This microcasting app is the easiest way to podcast on iPhone


podcast on iPhone with microcast wavelength app
Microcasting is the new mouth-tweeting. Or something.
Photo: Charlie Sorrel/Cult of Mac

Did you ever fancy making a podcast, but as soon as you considered the logistics, your eyes crossed, and you felt suddenly sleepy? But what if creating and publishing a podcast was as easy as squeezing out a Tweet? That’s where Wavelength comes in. Wavelength is a brand new app that lets you record, edit, and publish your short podcast — or microcast — in record time. It can even add your podcast feed to the Apple Podcast Directory, so anyone can easily find and subscribe to your microcast. Here’s how to podcast on iPhone.

Why microcast?

A regular podcast is a lot of work. To do a good job, you have to start with excellent recordings, then you have to edit those recordings, and sync up each participant’s recorded audio. Then you have to add all the metadata, the artwork, and create the actual file. And then you have to find a place to host the files, and then you have to arrange a podcast RSS feed so listeners can subscribe. Oh man, my eyes are already glazing over.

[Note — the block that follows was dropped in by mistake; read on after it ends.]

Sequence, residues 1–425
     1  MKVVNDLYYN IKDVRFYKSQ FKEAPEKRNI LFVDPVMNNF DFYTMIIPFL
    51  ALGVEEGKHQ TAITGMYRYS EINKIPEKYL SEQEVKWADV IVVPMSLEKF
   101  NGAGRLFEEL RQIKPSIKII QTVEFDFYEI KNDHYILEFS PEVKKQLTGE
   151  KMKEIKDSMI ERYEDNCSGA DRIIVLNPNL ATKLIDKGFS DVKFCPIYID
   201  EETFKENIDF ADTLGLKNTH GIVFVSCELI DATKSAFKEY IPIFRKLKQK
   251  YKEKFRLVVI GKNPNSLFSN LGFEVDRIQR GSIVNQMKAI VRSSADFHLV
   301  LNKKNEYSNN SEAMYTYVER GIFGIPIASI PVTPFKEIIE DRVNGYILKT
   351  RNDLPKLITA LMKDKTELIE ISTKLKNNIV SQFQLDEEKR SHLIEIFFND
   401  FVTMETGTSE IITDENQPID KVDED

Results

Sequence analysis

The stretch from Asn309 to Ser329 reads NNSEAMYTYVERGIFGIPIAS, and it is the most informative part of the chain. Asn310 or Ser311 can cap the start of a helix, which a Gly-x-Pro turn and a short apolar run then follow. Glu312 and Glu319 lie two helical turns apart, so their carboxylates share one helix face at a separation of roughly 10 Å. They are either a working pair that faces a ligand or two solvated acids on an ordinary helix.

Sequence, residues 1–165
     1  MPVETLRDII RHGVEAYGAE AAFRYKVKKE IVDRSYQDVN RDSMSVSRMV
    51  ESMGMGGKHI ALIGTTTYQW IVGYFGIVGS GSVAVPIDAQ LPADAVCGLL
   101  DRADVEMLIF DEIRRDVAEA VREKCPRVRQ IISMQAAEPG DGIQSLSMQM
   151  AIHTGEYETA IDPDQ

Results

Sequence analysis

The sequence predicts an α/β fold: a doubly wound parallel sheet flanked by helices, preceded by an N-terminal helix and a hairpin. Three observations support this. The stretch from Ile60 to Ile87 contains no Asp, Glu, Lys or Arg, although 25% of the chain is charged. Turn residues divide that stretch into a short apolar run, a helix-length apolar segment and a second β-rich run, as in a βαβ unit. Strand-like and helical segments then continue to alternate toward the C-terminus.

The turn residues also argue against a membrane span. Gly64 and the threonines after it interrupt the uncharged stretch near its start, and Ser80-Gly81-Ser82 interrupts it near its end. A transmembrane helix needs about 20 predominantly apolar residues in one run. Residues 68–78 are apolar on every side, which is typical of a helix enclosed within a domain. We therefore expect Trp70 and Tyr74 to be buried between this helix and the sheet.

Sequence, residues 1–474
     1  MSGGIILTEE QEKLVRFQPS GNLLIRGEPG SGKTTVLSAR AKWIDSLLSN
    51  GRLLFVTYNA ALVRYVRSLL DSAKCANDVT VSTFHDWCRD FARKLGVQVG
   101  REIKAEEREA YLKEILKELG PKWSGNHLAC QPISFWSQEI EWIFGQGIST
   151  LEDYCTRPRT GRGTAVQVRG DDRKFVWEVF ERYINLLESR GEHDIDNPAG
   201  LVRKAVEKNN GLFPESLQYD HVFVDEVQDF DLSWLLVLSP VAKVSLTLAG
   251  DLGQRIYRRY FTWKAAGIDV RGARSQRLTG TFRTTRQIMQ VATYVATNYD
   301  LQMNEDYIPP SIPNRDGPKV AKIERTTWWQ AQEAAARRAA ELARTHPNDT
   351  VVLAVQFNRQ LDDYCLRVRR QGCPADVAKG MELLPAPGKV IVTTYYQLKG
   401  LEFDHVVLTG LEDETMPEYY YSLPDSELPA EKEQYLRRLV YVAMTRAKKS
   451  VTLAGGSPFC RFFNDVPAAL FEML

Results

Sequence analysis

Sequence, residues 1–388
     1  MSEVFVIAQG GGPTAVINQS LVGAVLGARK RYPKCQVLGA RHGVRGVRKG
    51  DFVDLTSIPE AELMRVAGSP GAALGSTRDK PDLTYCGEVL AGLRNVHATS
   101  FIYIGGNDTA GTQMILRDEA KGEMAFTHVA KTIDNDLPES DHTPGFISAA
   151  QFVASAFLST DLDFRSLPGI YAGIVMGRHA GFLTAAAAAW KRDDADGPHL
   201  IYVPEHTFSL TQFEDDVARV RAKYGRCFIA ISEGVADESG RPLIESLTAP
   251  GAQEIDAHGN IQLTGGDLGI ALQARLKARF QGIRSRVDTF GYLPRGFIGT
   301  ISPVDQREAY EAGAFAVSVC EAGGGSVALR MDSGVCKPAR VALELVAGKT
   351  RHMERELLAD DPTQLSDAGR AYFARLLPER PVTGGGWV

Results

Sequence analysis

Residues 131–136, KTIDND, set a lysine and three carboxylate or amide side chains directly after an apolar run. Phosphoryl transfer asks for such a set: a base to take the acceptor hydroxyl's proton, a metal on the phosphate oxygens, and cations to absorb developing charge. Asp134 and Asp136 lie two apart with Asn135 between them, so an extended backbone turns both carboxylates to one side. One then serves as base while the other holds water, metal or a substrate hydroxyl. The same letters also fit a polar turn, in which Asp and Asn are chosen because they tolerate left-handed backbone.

Create and publish microcasts from your iPhone. Create and publish microcasts from your iPhone.

A microcast, on the other hand, requires way less work. You still need an excellent recording, but editing is minimal, and the new Wavelength app takes care of all the busywork. Above all, a microcast is meant to be short, which makes it much easier to start and finish. There’s a reason that zillions more people use Twitter than ever used their own blogs. It’s easier and quicker.

What kind of things lend themselves to microcasts? Here’s. short list:

  • News. You don’t need a whole podcast, with a theme tune and boring preamble, to make a news post.
  • Travel diary. Microcasts don’t have to be public. You could create a travel diary only for friends and family.
  • Music. A musician could publish new songs as microcasts. A quick spoken intro, and then you’re into the song.
  • Tips. Like Cult of Mac‘s Pro Tips, sometimes a how to id best kept short. A tips microcast is perfect.

You get the idea. Some things just don’t need all the cruft of a full-sized podcast.

Wavelength for microcasts

Wavelength does for podcasts what does for blogging. The app works with the service, which is a kind of open version of Twitter where the ownership of posts remains with the user. Think of it as a service with all the advantages of blogging (your own domain name, you control everything about your ‘content’), and yet with the interactive conversations of Twitter of Tumblr.

It's hard to imagine a simpler interface, but Wavelength still has everythig it needs. It’s hard to imagine a simpler interface, but Wavelength still has everythig it needs.